"If any disruption happens regarding the sale of Iranian oil, the Strait of Hormuz will definitely be closed," Mohammad Kossari, deputy head of the Iranian Parliament's foreign affairs and national security committee, declared after the European Union agreed Monday to impose a phased ban on oil purchases from Iran and Washington expanded its sanctions to include Iran's third-largest bank.
Kossari was one of two Iranian lawmakers to threaten to block the only sea passage to the open ocean for large areas of the petroleum-exporting Persian Gulf.
EU countries agreed not to sign new oil contracts with Iran and to end existing ones by July 1, foreign ministers meeting in Brussels said in a statement. The European market accounts for about a fifth of Iran's oil exports.
The EU countries agreed to freeze the Iranian central bank's assets in Europe and to ban Iranian gold, precious metals and diamond transactions, effective Tuesday.
Washington's move, intended to bolster the EU sanctions, targets Bank Tejarat for its alleged role in financing Iran's nuclear program and for assisting other Iranian banks and companies in evading international sanctions.
It is the 23rd financial institution in Iran subject to U.S. sanctions.
The Tejarat sanctions strike "at one of Iran's few remaining access points to the international financial system," Treasury Undersecretary for Terrorism David Cohen said in a statement.
The sanctions "will deepen Iran's financial isolation, make its access to hard currency even more tenuous and further impair Iran's ability to finance its illicit nuclear program," he said.
The U.S. sanctions follow President Barack Obama's move last month to ban any U.S. dealings with Iran's central bank.
Iran's currency, the rial, has lost more than 70 percent of its value against the U.S. dollar since September.
After the Iranian lawmakers threatened to close the Strait of Hormuz, which includes Iranian territorial waters, U.S. Ambassador to NATO Ivo Daalder vowed Washington and its allies would take whatever action was needed to keep the narrow waterway open to international shipping and the oil business.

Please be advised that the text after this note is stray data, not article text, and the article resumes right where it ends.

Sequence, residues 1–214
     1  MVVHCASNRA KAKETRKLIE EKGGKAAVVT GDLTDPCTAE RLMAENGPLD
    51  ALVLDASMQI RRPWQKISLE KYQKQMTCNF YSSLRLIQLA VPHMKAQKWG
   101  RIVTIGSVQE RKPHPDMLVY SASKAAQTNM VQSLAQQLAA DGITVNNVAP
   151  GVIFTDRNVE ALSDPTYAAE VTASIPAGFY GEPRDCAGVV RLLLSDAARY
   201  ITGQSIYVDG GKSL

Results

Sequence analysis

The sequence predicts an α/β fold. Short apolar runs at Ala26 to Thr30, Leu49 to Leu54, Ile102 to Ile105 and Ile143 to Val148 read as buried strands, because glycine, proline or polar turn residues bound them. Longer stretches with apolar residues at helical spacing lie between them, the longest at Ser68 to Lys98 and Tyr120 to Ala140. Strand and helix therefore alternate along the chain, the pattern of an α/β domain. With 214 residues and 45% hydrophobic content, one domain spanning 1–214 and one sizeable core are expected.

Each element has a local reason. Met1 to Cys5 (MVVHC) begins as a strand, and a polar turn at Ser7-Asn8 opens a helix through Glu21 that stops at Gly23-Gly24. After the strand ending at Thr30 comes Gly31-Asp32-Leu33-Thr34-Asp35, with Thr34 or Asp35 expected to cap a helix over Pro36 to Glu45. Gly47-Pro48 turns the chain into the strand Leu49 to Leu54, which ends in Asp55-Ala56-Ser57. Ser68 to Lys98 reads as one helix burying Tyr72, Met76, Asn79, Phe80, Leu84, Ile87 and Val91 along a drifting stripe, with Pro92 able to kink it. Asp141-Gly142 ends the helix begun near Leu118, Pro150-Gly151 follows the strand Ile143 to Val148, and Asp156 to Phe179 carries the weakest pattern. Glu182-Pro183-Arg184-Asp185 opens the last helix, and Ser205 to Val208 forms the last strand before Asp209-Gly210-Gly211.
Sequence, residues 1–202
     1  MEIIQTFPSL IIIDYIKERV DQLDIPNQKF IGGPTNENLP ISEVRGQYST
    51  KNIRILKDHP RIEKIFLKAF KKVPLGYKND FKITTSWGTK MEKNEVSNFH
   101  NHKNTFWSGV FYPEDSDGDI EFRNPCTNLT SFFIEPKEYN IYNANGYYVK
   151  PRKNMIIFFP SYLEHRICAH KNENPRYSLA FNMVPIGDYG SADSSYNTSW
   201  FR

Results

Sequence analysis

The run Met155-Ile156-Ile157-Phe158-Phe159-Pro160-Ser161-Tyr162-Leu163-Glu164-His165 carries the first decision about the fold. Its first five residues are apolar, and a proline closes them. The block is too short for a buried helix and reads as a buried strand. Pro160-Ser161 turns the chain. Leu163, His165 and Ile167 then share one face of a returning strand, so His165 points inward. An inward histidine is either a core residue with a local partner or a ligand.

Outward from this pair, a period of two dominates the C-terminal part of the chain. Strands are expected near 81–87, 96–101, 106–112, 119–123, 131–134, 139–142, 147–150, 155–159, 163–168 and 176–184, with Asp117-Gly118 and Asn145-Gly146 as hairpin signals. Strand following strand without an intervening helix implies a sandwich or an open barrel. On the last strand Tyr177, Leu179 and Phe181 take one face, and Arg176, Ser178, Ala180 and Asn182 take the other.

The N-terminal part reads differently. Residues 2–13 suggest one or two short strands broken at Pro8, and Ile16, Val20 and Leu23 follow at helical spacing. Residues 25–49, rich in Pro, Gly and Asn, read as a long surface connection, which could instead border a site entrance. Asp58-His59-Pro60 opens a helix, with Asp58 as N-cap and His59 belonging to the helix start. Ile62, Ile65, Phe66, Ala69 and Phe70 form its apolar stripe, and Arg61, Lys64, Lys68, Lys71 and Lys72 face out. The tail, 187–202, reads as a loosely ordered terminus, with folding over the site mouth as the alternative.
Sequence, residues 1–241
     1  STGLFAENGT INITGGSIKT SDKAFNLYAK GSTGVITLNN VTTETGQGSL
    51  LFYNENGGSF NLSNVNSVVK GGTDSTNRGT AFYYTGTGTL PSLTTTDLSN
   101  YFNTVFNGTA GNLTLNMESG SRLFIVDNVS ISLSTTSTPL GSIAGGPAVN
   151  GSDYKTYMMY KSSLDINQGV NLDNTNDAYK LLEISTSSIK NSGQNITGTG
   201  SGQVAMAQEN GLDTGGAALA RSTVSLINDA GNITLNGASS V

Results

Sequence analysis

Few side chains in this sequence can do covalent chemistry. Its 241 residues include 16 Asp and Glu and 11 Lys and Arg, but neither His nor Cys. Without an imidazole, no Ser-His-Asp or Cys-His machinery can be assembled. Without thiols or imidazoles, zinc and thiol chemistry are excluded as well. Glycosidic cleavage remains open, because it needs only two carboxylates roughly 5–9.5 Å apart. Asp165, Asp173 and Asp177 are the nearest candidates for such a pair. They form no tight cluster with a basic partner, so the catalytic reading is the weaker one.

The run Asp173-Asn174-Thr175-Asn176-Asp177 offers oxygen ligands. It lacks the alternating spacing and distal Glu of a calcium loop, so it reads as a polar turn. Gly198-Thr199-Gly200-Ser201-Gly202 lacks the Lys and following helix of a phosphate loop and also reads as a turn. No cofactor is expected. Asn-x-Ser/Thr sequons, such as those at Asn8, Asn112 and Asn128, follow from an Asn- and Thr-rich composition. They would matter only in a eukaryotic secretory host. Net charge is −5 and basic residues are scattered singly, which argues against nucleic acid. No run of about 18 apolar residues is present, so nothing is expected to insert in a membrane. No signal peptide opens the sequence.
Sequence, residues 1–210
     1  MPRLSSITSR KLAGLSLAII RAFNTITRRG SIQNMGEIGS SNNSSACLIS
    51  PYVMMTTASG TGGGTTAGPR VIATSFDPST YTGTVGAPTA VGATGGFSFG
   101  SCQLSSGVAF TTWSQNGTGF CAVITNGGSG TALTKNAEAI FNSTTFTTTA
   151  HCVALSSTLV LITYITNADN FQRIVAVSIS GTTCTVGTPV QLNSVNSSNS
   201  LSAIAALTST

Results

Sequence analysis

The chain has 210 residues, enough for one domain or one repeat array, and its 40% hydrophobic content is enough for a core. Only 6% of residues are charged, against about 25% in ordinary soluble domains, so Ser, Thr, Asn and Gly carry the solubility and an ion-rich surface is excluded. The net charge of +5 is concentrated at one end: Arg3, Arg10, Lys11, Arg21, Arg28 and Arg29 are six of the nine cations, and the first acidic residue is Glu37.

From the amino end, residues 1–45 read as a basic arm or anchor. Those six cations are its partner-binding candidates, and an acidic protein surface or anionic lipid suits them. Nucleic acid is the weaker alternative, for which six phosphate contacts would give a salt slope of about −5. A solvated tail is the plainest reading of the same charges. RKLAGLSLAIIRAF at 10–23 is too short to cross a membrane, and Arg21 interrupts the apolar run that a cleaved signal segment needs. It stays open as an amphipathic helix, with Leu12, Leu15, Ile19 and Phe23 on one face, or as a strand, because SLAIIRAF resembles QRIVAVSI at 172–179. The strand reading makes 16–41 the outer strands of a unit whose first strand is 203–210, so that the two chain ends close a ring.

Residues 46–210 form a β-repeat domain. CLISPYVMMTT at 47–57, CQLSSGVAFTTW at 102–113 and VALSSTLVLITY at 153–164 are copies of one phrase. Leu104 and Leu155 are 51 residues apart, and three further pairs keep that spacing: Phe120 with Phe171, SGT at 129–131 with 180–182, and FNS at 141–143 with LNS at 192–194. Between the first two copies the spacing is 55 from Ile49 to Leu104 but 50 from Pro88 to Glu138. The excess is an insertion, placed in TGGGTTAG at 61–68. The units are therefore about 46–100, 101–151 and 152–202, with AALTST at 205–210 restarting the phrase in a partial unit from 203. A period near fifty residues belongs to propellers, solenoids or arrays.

The strait "needs to remain open and we need to maintain this as an international passageway," he told the BBC. "We will do what needs to be done to ensure that is the case."
About 13 tankers carrying 15.5 million barrels of crude oil -- about a third of the world's tanker-borne oil and about 17 percent of all world oil shipments -- pass through the strait on an average day. The tankers' cargo include crude from Iran, Iraq, Kuwait, Saudi Arabia and the United Arab Emirates.
Daalder said Washington and other Western countries were "ready at any time to sit down and have a serious conversation with [Iran] to resolve this [nuclear] issue with negotiations."
The ball is in Iran's court, he said, with Tehran "either finding a way to cooperate and negotiate a resolution to this issue, which we are willing to do, or choosing a path of isolation."
"I have not looked at the exact military contingency plannings that there are. ... But of this I am certain -- the international waterways that go through the Strait of Hormuz are to be sailed by international navies, including ours, the British and the French and any other navy that needs to go through the Gulf," he said. "And second, we will make sure that that happens under every circumstance."
Western politicians allege Iran is building a nuclear weapons capability, but Tehran insists its nuclear program is for civilian uses only.
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